probably occurred at some time after 11:30 p.m. during the 23 minutes
in which the water in the reservoir apparently fell 0.3 feet. Thereupon,
quite likely, a part of the east end of the dam, meanwhile undermined,
went out and the dam at this end lost its hillside support. Hydrostatic
uplift at the already loose west end and the weight of the remaining
portion of the undermined east end caused a temporary tilting of the
dam toward the east, accompanied by a rapid washing away of the
hillside under the dam at its west end which then also began to break
up. The reservoir water was now rushing with tremendous force
against both ends and against the upstream face of all that was
standing of the dam. This rush of water carried away huge blocks of
concrete from both ends of the dam.....
Grunskys theory was substantiated by the location of a ladder found after the
collapse of the St. Francis Dam. This ladder was wedged in a crack that must have at
one point been large enough during the rocking process of the collapse to allow the
ladder to be found in its final position, and then was clamped tightly once the

structure settled into its foundation. The following is a photograph of the ladder in
question (Outland, 2002):
Figure 6.3 Ladder Location (Outland 2002)
The way the ladder was wedged into position indicated that the substantial
amount of movement of the dam had occurred early in the failure and that the water
was destroying both the east and west side of the dam almost simultaneously.
The theory proposed by Grunsky was also supported by the final location of
the center section of the St. Francis Dam. Located at the top of the standing section
was a benchmark that gave the specific location of that point of the dam. After the
failure occurred, a survey of this point was conducted determined that the top of the
center section moved 5.5 inches downstream and 6 inches toward the eastern

abutment, resulting in a total displacement of 8.4 inches, on a bearing of south 3
degrees west, indicating a clockwise rotation. A survey of the remaining dike section
on the right abutment was also conducted and it was concluded that it had shifted 0.12
to 0.09 feet towards the canyon and had lifted upwards 0.24 to 0.31 feet. The
movement of the dam aids in supporting the theory presented by Grunsky. (Rogers,
Another portion of the theory presented by Grunsky helps in explaining the
drastic change in the water elevation that occurred during the last half hour before the
dam failed. Grunsky proposed that the dam was lifted upwards, resulting in the
Stevens gage reading a lower reservoir elevation. This would explain why witnesses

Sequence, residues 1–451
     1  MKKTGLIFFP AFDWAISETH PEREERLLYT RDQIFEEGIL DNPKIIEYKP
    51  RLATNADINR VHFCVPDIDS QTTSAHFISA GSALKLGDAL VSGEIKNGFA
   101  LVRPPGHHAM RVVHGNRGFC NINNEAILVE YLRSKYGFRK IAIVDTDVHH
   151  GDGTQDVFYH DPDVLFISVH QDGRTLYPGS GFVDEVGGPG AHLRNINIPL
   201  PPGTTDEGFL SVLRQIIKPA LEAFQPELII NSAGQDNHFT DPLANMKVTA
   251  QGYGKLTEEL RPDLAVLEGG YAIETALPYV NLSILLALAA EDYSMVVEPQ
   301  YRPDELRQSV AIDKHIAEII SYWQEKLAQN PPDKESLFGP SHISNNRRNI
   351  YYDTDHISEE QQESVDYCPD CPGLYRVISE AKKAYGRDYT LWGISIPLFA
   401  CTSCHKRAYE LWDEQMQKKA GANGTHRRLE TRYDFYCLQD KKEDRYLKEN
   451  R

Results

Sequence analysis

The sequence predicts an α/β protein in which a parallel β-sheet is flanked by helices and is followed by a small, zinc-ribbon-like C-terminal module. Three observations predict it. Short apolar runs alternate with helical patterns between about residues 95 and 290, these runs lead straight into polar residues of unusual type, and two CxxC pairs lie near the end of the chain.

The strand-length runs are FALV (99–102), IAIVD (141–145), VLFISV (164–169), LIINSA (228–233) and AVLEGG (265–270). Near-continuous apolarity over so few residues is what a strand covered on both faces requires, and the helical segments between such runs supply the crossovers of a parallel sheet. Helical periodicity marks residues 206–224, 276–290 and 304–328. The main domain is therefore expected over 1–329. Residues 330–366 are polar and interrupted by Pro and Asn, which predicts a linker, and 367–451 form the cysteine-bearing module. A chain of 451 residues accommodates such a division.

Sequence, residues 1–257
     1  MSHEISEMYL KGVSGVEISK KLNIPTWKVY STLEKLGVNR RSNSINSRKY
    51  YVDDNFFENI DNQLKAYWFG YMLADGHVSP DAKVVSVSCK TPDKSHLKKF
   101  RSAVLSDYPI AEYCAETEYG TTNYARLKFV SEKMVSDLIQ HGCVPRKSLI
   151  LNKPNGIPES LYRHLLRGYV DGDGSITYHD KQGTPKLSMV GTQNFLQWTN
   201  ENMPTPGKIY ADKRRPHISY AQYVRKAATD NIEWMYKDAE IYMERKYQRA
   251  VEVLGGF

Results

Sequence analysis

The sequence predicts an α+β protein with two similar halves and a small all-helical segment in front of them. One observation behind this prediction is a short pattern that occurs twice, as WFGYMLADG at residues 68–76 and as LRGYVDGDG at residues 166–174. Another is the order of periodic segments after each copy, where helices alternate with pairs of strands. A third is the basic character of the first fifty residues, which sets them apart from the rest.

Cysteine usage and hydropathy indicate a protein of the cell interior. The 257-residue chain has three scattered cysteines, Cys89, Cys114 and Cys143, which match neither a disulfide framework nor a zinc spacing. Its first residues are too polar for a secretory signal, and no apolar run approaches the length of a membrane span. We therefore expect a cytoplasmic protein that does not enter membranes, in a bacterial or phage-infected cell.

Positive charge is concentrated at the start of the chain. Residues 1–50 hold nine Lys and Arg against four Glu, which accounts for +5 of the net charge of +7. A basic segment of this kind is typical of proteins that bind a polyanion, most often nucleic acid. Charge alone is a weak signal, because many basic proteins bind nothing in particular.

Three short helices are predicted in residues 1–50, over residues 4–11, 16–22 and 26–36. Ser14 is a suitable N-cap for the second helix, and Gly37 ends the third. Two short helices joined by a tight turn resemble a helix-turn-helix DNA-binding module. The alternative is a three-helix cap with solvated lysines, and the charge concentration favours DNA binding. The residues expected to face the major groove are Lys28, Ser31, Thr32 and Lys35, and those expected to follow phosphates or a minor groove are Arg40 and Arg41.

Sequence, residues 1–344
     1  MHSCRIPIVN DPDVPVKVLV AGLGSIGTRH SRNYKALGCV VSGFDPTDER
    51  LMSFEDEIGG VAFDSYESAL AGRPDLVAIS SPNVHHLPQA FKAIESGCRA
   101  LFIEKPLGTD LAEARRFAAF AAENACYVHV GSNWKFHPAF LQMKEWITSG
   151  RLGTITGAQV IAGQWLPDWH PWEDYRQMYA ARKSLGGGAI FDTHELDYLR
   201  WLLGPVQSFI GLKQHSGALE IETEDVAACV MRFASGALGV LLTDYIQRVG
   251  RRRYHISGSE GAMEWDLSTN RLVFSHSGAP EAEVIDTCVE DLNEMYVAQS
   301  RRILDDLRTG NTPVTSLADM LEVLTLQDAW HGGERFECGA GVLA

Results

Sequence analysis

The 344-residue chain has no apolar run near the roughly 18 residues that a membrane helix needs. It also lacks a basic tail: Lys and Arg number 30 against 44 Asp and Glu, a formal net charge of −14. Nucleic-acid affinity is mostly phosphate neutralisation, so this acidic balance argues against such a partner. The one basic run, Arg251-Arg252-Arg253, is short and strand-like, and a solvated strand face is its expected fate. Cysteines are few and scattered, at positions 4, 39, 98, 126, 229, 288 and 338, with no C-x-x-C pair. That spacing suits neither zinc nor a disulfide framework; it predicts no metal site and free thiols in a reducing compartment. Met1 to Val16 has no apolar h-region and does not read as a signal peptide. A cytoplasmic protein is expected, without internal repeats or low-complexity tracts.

did not see water traveling down the canyon immediately prior to the failure.
(Rogers, 1995)
In summary, the following six key points developed by Lee, Grunsky, Willis
and Gillette are presented in A Man, A Dam and A Disaster to support the theory that
the failure initially occurred at the east abutment prior to the west abutment failure
(Rogers, 1995).
1. The Stevens Gage was pulled towards the east abutment when
the reservoir pool was at an elevation of between 1,800 and
1,815 feet.
2. Post-failure photos clearly show that the west abutment
construction road was not damaged above the 1,775 elevation,
despite being comprised of erodible sidecast fill dropped over
the hillside by steam shovel. Undisturbed brush is clearly seen
above this level in the post-failure photos. Lee had measured
the levels of erosive scour along the construction road fill,

noting that the highest level of erosion just below the west
abutment was 60 feet below reservoir pool level at the time of
3. Lee also asserted that the final resting position of Block 11
upstream of Block 12 was indicative that Block 12 had been
removed from east abutment before 11 from the west abutment
(See Figure 6.2 and 6.3).
4. Much greater volume of the east abutment, in excess of
100,000 cubic yards of material, was swept downstream than
within the relatively weak Sespe beds comprising the west
abutment, suggesting more water, and thereby erosive force
was placed upon the east side of the dam site.
5. Block 35 and 32 from the so-called missing section between
the main dam (Blocks 1/2/3/4) and the east abutment, were
found furthest downstream after the failure at a far greater
distance than any block identified from the west abutment (See
Figure 6.2 and 6.3).
6. A large pile of schist from the east abutment was noted beneath
Blocks 7 and 5 after the failure, as well as perched upon Blocks
5 and 7, downstream of Block 1, a good 30 feet above creek
level. This would suggest that the east abutment landslide
carried these pieces down and enveloped them with schist
detritus (See Figure 6.2 and 6.3).
The following drawing depicts the numbered blocks mentioned above as they
were when the dam was in place and where they were found after the failure.

Figure 6.4 Block Location Before Failure (Rogers, 1995)
Figure 6.5 Block Location After Failure (Rogers, 1995)

These six conclusions made by the investigators strongly support the theory of
an initial east abutment failure. With the facts presented and the evidence gathered,
this failure theory seems the most plausible and can explain many of the
inconsistencies found in other theories.

Lessons Learned
After the St. Francis Dam failure, the way dams were designed and
constructed came under extensive scrutiny. With several theories as to why the dam
failed, each possibility became a point to evaluate for future and existing dams. From
uplift theories to responsible parties for the design, several techniques were changed
and have continued to evolve to be able to create the most safe and stable dam